By Stephanie Malench
“While many child care homes and centers have been open and providing emergency care to the children of essential workers during the COVID-19 public health crisis under an emergency license obtained through DCFS, the major- ity of licensed child care programs have been closed during Phases 1 and 2 of the Restore Illinois Plan.
Starting in Phase 3 and continuing through Phase 4, child care providers are encouraged to to reopen subject to guidance from the Illinois Department of Public Health to serve the many families who will be returning to work.”
The above words, taken from the Governor’s Office of Early Childhood Education sound prom- ising unless a person is a licensed childcare center or home operator.
During Phases 1 and 2 of the Stay at Home Order, the only child- care centers open for essential work- ers have been located in the northern part of Madison County (Alton, Godfrey, Bethalto, and Brighton). These facilities have not been able to bring in the various resources that the children might need, such as speech, ne motor, and gross motor
Patricia Dooley, Director/Owner of Bright Tomorrows Learning Cen- ter Inc. in Godfrey, said many of the new regulations will make opening up dificult. Many centers will not be able to bring back all of their children due to space limitations.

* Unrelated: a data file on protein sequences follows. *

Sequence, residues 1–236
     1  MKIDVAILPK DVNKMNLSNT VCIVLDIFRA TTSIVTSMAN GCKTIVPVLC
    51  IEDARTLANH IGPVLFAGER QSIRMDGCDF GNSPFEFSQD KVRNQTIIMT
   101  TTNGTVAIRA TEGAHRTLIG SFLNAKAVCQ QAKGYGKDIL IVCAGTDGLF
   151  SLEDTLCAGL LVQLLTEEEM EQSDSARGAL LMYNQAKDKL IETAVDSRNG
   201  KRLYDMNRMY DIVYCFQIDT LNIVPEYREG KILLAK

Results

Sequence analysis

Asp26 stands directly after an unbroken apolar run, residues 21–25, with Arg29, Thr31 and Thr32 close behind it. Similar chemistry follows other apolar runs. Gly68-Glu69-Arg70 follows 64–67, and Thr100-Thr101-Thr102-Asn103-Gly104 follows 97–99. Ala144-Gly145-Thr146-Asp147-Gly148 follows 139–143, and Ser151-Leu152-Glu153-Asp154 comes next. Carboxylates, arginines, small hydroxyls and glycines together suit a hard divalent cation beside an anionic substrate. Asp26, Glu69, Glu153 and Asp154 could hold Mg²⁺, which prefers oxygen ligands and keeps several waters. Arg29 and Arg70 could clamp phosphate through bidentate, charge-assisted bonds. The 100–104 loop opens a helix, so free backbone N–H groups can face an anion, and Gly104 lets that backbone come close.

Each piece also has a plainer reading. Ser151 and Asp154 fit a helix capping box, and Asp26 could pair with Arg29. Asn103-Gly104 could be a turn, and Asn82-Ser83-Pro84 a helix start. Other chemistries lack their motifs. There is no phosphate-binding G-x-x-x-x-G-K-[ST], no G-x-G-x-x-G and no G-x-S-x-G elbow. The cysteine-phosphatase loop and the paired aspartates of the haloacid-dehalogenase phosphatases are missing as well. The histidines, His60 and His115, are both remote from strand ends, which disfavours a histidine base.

Everyone will be checked for symptoms and have temperatures
taken. Sleeping areas must be at least six feet apart and there must be 50 square feet (up from 35) of space for each child over the age of 2.
Shoes must be changed at the door or shoe covers put on. Dooley says shoe covers are currently not available, especially in smaller sizes and shoe sanitizers cost $5,000 each.
Children must remain in the same groups with the same staff. One staff member may oat be- tween two rooms if smocks/over- garments are changed between rooms.
Centers that were not open as emergency centers for essential employees, centers must start with only eight infants, and 10 children in other age groups for four weeks. All centers and homes must provide a reopening plan to Department of Children and Family Services (DCFS) that includes operational and preparedness components.
After the four weeks, enrollment may increase to 12 toddlers, 12 two-year olds, and 15 children 3-5 years old.
In researching COVID-19 in childcare settings, Dooley found Texas is the only state with any posi- tive cases in their day care centers and homes. In the 11,094 licensed centers, only 25 teachers and 32 children tested positive for the virus.
At press time, the Children’s Home and Aid Society of Illinois (CHASI) had not returned a phone call to obtain a list of centers that have re-opened since the state went into Phase 3 of the Reopen Illinois Plan.